Rights of Way

Rights of way can take various forms – roads, tracks paths. Some are well maintained while others are barely visible. The issues arise where rights of way impinge on a property owner’s use of their own land, or conversely, someone restricts a right of way used by others. The result can mean that the relevant rights need to be identified and agreed on and the positioning of boundaries then need to be determined.


Easements give rights to use, or have access over, land which belongs to someone else, while not enjoying ownership of that land. A typical example is when two properties share a driveway, owned by one property with a right of access granted to another. Often there are easements allowing service to pass across someone else’s land. Easements can come about in a number of ways and it is necessary to understand the legal standing and extent of what exists.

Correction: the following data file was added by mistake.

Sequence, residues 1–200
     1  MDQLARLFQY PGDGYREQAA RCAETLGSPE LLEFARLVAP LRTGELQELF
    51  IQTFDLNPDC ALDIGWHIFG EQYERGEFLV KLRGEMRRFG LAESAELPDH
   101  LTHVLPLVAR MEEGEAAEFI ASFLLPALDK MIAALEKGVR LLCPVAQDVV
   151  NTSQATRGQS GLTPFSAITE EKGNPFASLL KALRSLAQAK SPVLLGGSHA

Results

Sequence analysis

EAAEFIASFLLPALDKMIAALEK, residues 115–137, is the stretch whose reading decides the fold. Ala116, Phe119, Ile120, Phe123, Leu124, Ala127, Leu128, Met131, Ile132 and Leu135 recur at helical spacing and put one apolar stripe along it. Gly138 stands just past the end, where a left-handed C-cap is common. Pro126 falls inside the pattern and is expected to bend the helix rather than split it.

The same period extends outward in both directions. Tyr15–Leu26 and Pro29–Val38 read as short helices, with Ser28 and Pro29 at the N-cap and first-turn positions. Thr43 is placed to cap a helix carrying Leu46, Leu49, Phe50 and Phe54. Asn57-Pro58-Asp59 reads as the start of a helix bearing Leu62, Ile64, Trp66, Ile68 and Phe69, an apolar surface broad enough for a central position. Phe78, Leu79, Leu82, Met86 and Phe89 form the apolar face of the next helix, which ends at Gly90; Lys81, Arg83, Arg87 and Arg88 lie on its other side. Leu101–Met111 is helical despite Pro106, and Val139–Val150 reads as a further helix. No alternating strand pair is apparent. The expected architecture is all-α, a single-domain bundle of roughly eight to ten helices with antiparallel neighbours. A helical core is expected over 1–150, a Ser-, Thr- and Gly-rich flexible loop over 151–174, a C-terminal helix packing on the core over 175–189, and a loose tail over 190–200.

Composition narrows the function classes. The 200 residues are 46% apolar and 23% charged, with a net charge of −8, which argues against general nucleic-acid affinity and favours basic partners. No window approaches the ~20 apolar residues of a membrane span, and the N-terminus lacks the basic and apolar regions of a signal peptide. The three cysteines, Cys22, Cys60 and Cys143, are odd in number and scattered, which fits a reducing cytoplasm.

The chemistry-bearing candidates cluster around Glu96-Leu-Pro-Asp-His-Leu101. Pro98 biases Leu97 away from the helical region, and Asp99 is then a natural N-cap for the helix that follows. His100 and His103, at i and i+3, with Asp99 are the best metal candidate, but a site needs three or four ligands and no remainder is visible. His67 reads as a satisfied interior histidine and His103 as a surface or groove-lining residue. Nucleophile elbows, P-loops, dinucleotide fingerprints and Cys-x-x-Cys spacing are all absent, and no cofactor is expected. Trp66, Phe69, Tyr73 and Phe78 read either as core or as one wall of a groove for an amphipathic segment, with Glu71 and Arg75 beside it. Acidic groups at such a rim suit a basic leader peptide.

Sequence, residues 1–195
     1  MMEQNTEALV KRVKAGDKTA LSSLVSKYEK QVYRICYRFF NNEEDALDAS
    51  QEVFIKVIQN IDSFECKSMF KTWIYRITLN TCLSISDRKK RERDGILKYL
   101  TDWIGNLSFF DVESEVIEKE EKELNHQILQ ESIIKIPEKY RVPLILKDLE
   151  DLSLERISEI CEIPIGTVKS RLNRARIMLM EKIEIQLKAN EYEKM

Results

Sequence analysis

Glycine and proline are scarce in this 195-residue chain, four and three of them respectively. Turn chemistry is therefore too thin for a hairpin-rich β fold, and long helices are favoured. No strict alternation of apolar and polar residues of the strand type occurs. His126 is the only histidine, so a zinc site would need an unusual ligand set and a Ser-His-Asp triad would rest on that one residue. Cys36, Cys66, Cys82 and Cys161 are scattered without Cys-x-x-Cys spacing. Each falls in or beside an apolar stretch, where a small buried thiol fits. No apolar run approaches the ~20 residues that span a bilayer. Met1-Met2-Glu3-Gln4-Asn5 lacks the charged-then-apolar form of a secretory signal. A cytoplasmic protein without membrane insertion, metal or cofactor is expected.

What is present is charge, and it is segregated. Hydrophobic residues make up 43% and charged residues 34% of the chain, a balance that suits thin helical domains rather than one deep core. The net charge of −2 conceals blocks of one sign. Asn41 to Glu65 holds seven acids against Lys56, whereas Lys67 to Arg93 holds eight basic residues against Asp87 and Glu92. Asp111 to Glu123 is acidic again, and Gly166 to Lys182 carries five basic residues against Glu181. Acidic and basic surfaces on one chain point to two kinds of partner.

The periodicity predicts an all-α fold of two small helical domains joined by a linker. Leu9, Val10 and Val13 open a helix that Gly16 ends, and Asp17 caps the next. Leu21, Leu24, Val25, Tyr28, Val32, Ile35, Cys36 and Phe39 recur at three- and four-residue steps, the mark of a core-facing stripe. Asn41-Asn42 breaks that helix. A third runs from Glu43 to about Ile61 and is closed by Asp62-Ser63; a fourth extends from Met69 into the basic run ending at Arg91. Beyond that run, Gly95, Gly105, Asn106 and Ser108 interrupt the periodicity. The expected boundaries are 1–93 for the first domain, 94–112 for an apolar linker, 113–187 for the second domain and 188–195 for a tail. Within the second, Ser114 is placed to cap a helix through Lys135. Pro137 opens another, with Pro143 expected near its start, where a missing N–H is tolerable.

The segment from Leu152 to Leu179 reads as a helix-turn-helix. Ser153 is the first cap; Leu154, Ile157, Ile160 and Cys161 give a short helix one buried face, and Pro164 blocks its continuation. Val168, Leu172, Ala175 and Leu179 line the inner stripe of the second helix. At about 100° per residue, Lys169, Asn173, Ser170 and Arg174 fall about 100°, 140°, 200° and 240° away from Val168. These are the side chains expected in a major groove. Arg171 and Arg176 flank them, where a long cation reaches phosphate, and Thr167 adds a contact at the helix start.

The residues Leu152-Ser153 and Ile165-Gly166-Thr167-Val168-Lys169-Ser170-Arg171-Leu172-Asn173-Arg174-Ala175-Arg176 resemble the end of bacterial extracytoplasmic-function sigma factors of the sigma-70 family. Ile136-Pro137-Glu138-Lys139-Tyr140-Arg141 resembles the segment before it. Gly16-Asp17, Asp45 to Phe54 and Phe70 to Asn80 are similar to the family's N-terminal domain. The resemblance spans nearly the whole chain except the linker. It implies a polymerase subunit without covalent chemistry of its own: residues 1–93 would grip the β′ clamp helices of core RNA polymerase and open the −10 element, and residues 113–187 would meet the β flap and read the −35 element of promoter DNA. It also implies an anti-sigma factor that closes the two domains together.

If there is a dispute or issue that needs to be resolved, it may involve a surveyors carrying out an on-site inspection and possibly preparing a plan;; researching historic evidence; advising as to a potential solution and, working with your legal advisors, providing advice as to your position.